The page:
173 cases of lumpy virus found among cattle in Delhi, no death reported so far
At least 173 cases of lumpy virus have been found among cattle in Delhi, mostly in the southwest district, and no death has been reported so far, authorities said Saturday.
This is the first time the Delhi government has reported cases of lumpy virus in the capital.
A senior official said the first case was detected around eight to 10 days ago and ''no death has been reported so far''.
The government will adopt the ring vaccination strategy in which healthy cattle in a 5 km radius of the affected areas will be given goat pox vaccine with the Uttarkashi strain of the virus, he said.
Addressing a press conference, Development Minister Gopal Rai said 45 cases of lumpy skin disease have been detected in the Goyla dairy area, 40 in Rewla Khanpur area, 21 in Ghumanhera and 16 in Najafgarh.
Rai asked owners to isolate cattle showing symptoms of the lumpy virus, which may include high fever, reduced milk production, skin nodules, loss of appetite, increased nasal discharge and watery eyes, among others.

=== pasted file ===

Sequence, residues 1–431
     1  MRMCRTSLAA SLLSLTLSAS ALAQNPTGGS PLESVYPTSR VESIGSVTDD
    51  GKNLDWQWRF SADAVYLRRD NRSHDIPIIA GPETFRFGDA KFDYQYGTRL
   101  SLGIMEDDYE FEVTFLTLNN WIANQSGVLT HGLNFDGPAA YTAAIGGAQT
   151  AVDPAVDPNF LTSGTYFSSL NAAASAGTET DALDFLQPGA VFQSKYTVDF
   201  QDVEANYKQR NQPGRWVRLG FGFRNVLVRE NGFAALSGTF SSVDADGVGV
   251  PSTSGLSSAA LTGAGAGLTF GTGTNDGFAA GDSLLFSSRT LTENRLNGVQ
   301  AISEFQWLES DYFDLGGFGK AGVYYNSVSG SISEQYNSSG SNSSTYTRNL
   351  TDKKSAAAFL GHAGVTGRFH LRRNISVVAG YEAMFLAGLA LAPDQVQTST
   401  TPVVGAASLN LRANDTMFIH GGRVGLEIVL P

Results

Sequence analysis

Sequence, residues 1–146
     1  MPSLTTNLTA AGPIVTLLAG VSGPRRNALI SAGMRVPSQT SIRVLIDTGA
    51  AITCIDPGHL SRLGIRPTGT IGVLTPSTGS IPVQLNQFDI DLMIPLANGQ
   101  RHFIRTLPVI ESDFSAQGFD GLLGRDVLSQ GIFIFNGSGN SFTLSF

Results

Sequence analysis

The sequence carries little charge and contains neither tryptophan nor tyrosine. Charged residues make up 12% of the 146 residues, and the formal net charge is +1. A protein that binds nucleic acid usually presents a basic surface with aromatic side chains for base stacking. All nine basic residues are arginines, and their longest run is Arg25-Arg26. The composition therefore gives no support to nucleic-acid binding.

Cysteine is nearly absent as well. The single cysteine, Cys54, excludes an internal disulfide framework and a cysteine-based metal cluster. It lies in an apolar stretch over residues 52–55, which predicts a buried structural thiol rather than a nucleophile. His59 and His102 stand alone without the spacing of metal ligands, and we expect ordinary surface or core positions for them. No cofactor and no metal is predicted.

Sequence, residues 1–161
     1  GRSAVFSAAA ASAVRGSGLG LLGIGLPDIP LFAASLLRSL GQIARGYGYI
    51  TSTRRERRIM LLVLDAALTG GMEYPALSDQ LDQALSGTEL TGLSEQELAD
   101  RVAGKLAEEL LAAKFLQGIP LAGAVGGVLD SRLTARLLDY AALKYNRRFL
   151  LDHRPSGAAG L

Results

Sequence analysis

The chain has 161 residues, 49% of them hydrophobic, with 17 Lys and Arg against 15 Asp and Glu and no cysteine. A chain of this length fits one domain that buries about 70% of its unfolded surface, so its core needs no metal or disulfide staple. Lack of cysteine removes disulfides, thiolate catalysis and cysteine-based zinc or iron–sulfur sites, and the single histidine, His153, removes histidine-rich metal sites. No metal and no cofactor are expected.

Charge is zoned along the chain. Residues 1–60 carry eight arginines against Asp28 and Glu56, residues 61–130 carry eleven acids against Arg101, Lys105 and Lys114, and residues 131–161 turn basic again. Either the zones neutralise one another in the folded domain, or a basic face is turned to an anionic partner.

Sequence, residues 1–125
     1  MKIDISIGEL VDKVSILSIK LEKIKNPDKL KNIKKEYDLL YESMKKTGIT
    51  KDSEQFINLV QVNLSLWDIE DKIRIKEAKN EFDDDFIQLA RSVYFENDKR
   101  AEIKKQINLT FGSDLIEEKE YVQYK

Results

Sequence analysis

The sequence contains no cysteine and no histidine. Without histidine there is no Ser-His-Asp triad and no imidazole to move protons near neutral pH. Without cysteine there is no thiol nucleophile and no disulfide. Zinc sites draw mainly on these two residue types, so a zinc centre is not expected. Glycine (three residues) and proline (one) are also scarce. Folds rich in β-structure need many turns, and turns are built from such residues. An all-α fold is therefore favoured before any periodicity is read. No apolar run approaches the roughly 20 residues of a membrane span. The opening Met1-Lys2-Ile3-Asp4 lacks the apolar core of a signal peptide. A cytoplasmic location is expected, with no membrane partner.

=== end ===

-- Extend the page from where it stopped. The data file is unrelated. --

He said the Delhi government has deployed two mobile veterinary clinics and set up 11 rapid response teams to collect samples. Four teams will make people aware of the virus.
The city government has also set up a special control room with helpline number 8287848586 for queries related to the lumpy virus.
The senior official said the lumpy virus has been found in 40 abandoned cows which have been shifted to the isolation ward.
The cow shelter can accommodate 4,500 cattle. The isolation ward has been set up away from healthy cattle and mosquito nets have been installed there. ''In Delhi, it is unlikely to spread to proportions seen in other states as the number of cases is low and manageable. We have responded promptly and taken all the necessary steps to curb the spread,'' he said. Another official said the virus doesn't normally lead to the death of cattle and the mortality rate is just one to two per cent.
The high number of deaths in Rajasthan and Gujarat could be due to poor health of those cattle and the development of secondary infections, he said.
''Deaths are unlikely if the infected cattle are isolated and proper care is taken. Wounds should be disinfected regularly,'' the official said.
Lumpy skin disease is a contagious viral disease that spreads among cattle through mosquitoes, flies, lice and wasps by direct contact, as also through contaminated food and water. The disease causes fever and nodules on the skin, and it can be fatal.
He said around 57,000 cattle have died till Thursday due to lumpy skin disease and told states where cases have been reported to boost vaccination efforts.
(This story has not been edited by Devdiscourse staff and is auto-generated from a syndicated feed.)